Filing: Quiros’ unpaid rent may lead to rabbi layoffs

Filing: Quiros’ unpaid rent may lead to rabbi layoffs

EB-5 Visa, EB5 Visa, EB5 Investments

Ariel Quiros at a groundbreaking for AnC Bio Vermont in May 2015.

A religious education organization says it may have to reduce its staff of teaching rabbis unless it can collect money owed from a storage lease it had with the developer at the center of the Jay Peak EB-5 investor fraud scandal.

Miami Beach Community Kollel, Inc. has filed a motion seeking to intervene in a federal lawsuit brought by the U.S. Securities and Exchange Commission against that developer, Ariel Quiros.

The motion asks to judge presiding in the case to partially lift an assets freeze in place against Quiros so the organization can collect on the $24,627 it says it is due.

“The failure to receive the rent due is creating economic hardship and the Kollel may be forced to lay off teaching rabbis because of the failure,” the filing stated.

The SEC submitted a filing in the case late Thursday afternoon calling for the judge to deny the organization’s bid to intervene in the case.

“The need for a freeze in an action such as this one, where the defendant has defrauded hundreds of investors and creditors, is clear,” Robert Levenson, an attorney for the SEC, wrote. “Without a freeze to preserve Quiros’ assets for a potential disgorgement judgment for the benefit of investors, there would be hundreds of creditors and investors all attempting to jump over each other in court filings to grab whatever assets they could to the detriment of other creditors and investors.”

The warehouse facility where Quiros had leased space was given to the Miami Beach Community Kollel as a donation, with rent money from the space going to finance the group’s activities, according to the organization’s filing seeking to intervene in the case.

Miami Beach Community Kollel formed in 1995 “to serve the religious and cultural needs of the Jewish community of Miami Beach and South Florida,” according to the organization’s website.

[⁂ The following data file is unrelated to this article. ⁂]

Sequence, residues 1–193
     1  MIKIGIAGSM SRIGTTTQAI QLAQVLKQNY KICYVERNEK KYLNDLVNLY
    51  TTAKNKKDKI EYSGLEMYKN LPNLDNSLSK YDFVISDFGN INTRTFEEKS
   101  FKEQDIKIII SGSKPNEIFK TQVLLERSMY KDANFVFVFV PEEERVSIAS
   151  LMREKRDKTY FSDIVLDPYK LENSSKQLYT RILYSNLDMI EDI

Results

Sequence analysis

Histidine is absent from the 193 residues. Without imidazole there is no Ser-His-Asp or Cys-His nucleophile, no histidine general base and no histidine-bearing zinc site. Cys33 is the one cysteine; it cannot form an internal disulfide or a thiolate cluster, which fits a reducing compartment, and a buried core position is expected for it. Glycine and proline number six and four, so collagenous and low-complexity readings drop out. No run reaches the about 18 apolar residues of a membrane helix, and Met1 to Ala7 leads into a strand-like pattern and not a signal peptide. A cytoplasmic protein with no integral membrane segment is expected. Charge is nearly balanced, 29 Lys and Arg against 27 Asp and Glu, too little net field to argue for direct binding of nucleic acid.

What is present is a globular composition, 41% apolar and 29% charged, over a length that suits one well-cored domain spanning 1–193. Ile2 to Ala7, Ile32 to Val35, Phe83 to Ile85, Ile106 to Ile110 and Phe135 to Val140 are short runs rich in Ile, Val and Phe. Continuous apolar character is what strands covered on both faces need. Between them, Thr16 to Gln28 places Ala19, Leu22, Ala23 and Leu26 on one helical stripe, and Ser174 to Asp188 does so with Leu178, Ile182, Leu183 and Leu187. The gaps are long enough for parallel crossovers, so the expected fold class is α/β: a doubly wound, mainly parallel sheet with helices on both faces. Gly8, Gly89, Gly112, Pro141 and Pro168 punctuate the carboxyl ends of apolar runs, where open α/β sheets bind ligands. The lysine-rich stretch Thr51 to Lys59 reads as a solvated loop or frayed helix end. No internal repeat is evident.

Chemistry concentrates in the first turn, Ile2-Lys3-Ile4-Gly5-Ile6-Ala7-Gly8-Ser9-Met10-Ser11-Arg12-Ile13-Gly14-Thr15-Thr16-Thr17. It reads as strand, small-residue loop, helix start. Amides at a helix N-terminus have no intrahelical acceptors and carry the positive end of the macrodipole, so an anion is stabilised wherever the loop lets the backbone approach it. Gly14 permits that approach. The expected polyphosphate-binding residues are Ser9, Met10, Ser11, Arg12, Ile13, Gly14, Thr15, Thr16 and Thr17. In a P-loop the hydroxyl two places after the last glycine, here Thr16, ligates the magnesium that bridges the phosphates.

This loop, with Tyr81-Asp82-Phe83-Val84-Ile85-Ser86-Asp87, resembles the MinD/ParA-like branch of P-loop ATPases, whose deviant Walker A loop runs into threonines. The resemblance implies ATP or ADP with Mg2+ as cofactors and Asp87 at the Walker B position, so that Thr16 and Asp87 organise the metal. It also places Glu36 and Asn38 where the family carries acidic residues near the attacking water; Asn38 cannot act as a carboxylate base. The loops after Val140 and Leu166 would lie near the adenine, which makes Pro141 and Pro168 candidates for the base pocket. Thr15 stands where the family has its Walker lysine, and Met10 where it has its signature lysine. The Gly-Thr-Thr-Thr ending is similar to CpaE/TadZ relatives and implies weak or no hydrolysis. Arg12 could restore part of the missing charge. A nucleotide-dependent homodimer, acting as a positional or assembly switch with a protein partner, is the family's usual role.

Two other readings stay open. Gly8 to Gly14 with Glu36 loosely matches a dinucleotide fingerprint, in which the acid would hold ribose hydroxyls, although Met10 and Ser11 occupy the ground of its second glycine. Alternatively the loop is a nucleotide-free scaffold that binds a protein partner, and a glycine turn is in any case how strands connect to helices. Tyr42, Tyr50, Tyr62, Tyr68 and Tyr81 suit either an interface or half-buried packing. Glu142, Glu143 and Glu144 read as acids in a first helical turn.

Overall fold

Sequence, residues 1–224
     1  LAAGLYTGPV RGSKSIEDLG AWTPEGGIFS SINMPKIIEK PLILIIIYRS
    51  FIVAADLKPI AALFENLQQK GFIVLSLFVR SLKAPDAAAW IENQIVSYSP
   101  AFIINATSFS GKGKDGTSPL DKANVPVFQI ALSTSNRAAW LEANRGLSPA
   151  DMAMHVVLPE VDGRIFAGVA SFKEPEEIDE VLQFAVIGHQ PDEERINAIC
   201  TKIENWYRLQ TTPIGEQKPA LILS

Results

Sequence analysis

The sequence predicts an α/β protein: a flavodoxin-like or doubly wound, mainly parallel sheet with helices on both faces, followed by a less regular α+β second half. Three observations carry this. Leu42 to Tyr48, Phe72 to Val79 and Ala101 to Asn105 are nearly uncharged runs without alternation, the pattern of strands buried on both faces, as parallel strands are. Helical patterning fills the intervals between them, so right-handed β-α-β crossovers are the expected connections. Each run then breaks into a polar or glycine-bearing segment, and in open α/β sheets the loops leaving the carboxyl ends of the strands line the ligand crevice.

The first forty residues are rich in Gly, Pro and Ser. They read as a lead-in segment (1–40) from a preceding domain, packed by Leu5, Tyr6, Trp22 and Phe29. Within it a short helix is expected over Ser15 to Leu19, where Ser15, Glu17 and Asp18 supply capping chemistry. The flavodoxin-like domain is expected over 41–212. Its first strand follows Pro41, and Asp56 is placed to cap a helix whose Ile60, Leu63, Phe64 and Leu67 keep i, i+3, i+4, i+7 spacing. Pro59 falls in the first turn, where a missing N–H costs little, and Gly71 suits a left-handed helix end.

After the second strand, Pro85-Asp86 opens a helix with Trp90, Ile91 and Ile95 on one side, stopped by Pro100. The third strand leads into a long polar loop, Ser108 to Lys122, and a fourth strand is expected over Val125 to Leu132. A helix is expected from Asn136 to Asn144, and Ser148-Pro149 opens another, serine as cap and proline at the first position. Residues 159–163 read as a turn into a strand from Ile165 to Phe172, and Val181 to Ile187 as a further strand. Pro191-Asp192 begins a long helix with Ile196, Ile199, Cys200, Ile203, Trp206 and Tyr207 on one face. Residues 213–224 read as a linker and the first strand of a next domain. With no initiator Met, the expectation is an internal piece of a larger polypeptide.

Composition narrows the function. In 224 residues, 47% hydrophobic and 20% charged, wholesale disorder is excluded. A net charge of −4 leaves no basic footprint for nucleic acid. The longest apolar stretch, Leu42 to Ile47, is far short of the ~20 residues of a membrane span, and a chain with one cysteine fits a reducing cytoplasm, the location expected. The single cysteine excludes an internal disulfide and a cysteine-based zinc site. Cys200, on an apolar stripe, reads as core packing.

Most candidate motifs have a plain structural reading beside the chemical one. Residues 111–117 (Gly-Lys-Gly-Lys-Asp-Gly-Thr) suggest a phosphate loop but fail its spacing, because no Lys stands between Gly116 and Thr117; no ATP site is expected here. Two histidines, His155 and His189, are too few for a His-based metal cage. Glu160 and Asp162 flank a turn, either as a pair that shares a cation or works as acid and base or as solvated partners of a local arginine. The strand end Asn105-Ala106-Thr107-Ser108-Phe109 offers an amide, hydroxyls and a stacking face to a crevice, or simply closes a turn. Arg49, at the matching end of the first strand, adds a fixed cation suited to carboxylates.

“Its goal is to attract Rabbinical talent to Miami, and to provide educational resources for all members of the Jewish faith,” according to the website. “The Kollel strives to building a stronger Torah environment by enhancing all aspects of Jewish religious life in Miami Beach.”

Myron Samole, a Florida attorney representing Miami Beach Community Kollel, declined comment Thursday.

Quiros, a Miami businessman, is storing furniture, a boat, car parts, an off-road vehicle and two U.S. Army jeeps from World War II, among other items in the storage facility, court documents filed in the case stated.

Quiros, through his company GSI of Dade County Inc., signed a lease in December 2015 for the 8,022-square-foot storage facility in Opa Locka, Florida, the filing stated. The lease called for a monthly payment of $2,782, court records stated.

The lease expired a year later, on Dec. 31, 2016, resulting in a “month to month tenancy,” the motion stated, adding that monthly lease payments continued on time through April 2016.

That’s when the state and federal regulators brought separate investment fraud lawsuits against Quiros and Bill Stenger, former Jay Peak president. The lawsuits accuse the two developers of misusing $200 million raised for improvements at the ski resorts and other development projects in Vermont’s Northeast Kingdom.

The two developers raised the funds through the federal EB-5 visa program. Investors who put up at least $500,000 in a qualified project that meets job creation requirements become eligible for permanent U.S. residency.

As a result of the federal action, Quiros’ assets have been frozen and put under a receivership. Quiros has reached a deal with federal regulators to resolve that case, but it is still awaiting final approval from the SEC. Terms of that settlement have not been disclosed.

Levenson, the SEC attorney, wrote the SEC “sympathizes with the Kollel’s predicament and the cash flow difficulties it has encountered.” He said the receiver intends to establish a claims process for unpaid creditors later in the case.

“The Kollel will have the opportunity through an orderly claims process, in which all claims are considered at the same time and paid according to priority and the amount of available cash, to seek its back rent,” Levenson wrote. “It will have an opportunity to ask the Court for a ruling on its claim if it is not satisfied with the Receiver’s initial determination.”

Between May 2016 and Sept. 14, 2017, no rent payments were made for the storage space, resulting in a total bill, including taxes and fees, of $52,349, according to the recent filing. On Sept. 14, 2017, the court-appointed receiver, Michael Goldberg, paid the organization $44,512 in back rent, but did not pay the accumulated late fees and attorneys fees, the motion stated.

Since that time, the receiver has not paid any rent, resulting in a bill as of Jan. 1 of $24,627, including fees, the filing stated.

“None of the monies owing are owed from before the start of the receivership. All monies owed are the result of the receiver, Quiros, and GSI failing to pay rent as it was due,” the filing stated.

If the request to lift the asset freeze for payment is denied, the organization asked the judge to permit it to start eviction proceedings against Quiros in state court, even as the federal case remains pending.

Melissa Visconti, Quiros’ lawyer, declined comment on the matter Thursday.


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